LIMA, Ohio - A white police officer was acquitted Monday in the drug-raid shooting death of an unarmed black woman that set off protests about how police treat minorities in a city where one in four residents is black.
The all-white jury found Sgt. Joseph Chavalia not guilty of misdemeanor charges of negligent homicide and negligent assault. He had faced up to eight months in jail if convicted of both counts.
Chavalia shot 26-year-old Tarika Wilson and her year-old son she was holding, killing her and hitting him in the shoulder and hand, during a Jan. 4 SWAT raid on her house. One of the child's fingers had to be amputated.
Officers had been looking for Wilson's boyfriend, a suspected drug dealer.
Chavalia left the courthouse with his family and declined to comment to reporters. Jurors also left the court without commenting, escorted by sheriff's deputies.
Wilson's family members stormed out of Allen County Common Pleas Court before visiting Judge Richard Knepper finished dismissing the jury.
Outside the courthouse, Wilson's brother, Ivory Austin said he wasn't surprised by the verdict.
"Now he (Chavalia) gets to get back on with his life," he said. "He took my sister's life."
He said he was hoping someone from the police department would at least admit a mistake was made.
"I'm not saying he went up there to kill her," Austin said.
Prosecutors said Chavalia recklessly fired three shots into a bedroom where Wilson and her six children were gathered, even though he could not clearly see her or whether she had a weapon.
"He couldn't tell Tarika had a child in her arms," Prosecutor Jeffrey Strausbaugh said during closing arguments Monday.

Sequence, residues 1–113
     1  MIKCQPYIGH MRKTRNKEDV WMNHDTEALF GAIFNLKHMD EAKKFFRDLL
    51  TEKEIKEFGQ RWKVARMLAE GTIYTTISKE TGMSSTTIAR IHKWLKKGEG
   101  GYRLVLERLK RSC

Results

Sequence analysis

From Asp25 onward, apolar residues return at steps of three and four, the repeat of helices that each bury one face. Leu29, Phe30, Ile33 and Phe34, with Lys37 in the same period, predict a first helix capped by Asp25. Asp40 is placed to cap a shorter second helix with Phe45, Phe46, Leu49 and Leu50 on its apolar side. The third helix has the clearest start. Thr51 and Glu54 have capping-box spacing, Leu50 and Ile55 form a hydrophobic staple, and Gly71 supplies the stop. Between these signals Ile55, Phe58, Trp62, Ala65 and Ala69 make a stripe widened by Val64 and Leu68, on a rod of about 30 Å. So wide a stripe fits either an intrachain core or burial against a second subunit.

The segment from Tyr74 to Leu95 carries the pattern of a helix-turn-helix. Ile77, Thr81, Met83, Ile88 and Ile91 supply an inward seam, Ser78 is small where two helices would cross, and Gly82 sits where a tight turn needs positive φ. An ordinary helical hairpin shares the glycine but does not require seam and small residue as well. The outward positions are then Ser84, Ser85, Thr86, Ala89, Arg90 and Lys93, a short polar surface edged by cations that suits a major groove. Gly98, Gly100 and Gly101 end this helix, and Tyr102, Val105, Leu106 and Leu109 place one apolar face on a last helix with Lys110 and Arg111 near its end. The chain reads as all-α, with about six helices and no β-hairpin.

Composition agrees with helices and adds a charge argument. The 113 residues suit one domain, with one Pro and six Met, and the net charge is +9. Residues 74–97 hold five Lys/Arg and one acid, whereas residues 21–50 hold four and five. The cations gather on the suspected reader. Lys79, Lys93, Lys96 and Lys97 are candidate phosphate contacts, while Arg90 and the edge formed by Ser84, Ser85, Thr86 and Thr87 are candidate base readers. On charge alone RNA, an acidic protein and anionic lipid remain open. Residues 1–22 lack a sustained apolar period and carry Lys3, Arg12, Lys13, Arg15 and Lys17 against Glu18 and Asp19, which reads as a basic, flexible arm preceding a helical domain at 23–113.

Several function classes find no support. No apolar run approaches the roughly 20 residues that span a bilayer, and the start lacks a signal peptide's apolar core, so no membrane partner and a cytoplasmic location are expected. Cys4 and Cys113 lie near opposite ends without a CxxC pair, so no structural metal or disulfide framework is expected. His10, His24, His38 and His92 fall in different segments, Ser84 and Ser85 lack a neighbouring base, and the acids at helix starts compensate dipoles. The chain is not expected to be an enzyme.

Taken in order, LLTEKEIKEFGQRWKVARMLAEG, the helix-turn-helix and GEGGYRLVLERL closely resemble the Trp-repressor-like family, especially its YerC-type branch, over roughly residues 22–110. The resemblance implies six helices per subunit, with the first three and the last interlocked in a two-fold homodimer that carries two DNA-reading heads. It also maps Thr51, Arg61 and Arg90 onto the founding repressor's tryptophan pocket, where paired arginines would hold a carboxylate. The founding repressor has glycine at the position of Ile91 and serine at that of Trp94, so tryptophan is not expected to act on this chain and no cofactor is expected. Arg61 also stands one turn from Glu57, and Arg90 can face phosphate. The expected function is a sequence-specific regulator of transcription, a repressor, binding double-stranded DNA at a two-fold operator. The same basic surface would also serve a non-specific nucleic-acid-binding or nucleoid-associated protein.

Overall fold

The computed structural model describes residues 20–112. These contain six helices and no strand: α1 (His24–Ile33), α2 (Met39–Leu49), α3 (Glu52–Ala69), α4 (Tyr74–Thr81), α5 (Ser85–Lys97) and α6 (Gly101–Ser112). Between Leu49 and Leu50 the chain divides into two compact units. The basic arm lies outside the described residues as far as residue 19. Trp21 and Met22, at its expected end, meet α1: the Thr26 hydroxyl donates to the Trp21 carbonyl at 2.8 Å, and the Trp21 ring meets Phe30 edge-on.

Chavalia, an officer of 32-years, had testified that he thought his life was in danger when he fired the shots. He said he saw a shadow coming from behind a partially open bedroom door and heard gunshots that he thought were aimed at him. It turned out the gunfire he heard was coming from downstairs, where officers shot two charging pit bulls.
Lima Police Chief Greg Garlock said the jury made the right decision.
"They confirmed what our sense was and our belief was in this," he said.
Following the shooting, many residents accused the police department of being hostile and abusive toward minorities. One group led a series of marches through the city to protest what they said was mistreatment by police.
The Rev. Jesse Jackson visited the city and demanded that the officer who fired the fatal shots and those who planned the raid be held accountable. Chavalia was the only person charged.
Local black leaders had criticized the two misdemeanor charges as too lenient.
"It's another example that there's very low value on black lives in this community," said Jason Upthegrove, president of the Lima National Association for the Advancement of Colored People. He said he was sickened but not surprised by the verdict and he hopes it won't reflect poorly on the city.
Arnold Manley, pastor of Pilgrim Rescue Missionary Baptist Church, said he and other black clergy leaders have been trying to work with police and city officials since the shooting, but that he was unsure whether that would continue.
"I'm hurting deeply," he said. "The message I got out of all this is that it's OK for police to go and kill in a drug raid," he said.
Defense attorney Bill Kluge told jurors Monday that Chavalia should not be judged on what wasn't known until after shooting, including the fact that Wilson did not have a gun or pose a threat.
"It's Monday morning quarterbacking," he told jurors. "Put yourself in Joe's shoes that night."
The jury's decision, he said in closing statements, will affect officers across Ohio.
"What kind of world would it be if we didn't have police officers," Kluge said. "Joe was doing his duty."
Wilson's boyfriend, Anthony Terry, was arrested and pleaded guilty in March to charges of drug trafficking.